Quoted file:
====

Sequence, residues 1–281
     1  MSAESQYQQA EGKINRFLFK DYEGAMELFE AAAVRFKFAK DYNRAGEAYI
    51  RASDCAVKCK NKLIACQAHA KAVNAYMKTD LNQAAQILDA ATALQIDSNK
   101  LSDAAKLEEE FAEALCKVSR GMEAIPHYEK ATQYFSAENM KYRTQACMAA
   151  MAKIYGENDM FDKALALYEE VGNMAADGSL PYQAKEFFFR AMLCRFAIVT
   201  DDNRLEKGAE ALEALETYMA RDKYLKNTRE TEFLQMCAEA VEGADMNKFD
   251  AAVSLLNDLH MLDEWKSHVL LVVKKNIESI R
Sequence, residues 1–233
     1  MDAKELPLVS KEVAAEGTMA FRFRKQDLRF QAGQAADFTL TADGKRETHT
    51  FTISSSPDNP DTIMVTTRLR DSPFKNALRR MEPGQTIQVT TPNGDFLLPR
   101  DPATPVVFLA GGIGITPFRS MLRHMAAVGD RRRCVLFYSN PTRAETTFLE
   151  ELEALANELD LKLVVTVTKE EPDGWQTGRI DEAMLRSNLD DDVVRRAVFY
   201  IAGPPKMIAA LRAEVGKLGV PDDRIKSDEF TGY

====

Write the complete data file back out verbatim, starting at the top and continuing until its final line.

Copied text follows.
Sequence, residues 1–281
     1  MSAESQYQQA EGKINRFLFK DYEGAMELFE AAAVRFKFAK DYNRAGEAYI
    51  RASDCAVKCK NKLIACQAHA KAVNAYMKTD LNQAAQILDA ATALQIDSNK
   101  LSDAAKLEEE FAEALCKVSR GMEAIPHYEK ATQYFSAENM KYRTQACMAA
   151  MAKIYGENDM FDKALALYEE VGNMAADGSL PYQAKEFFFR AMLCRFAIVT
   201  DDNRLEKGAE ALEALETYMA RDKYLKNTRE TEFLQMCAEA VEGADMNKFD
   251  AAVSLLNDLH MLDEWKSHVL LVVKKNIESI R
Sequence, residues 1–233
     1  MDAKELPLVS KEVAAEGTMA FRFRKQDLRF QAGQAADFTL TADGKRETHT
    51  FTISSSPDNP DTIMVTTRLR DSPFKNALRR MEPGQTIQVT TPNGDFLLPR
   101  DPATPVVFLA GGIGITPFRS MLRHMAAVGD RRRCVLFYSN PTRAETTFLE
   151  ELEALANELD LKLVVTVTKE EPDGWQTGRI DEAMLRSNLD DDVVRRAVFY
   201  IAGPPKMIAA LRAEVGKLGV PDDRIKSDEF TGY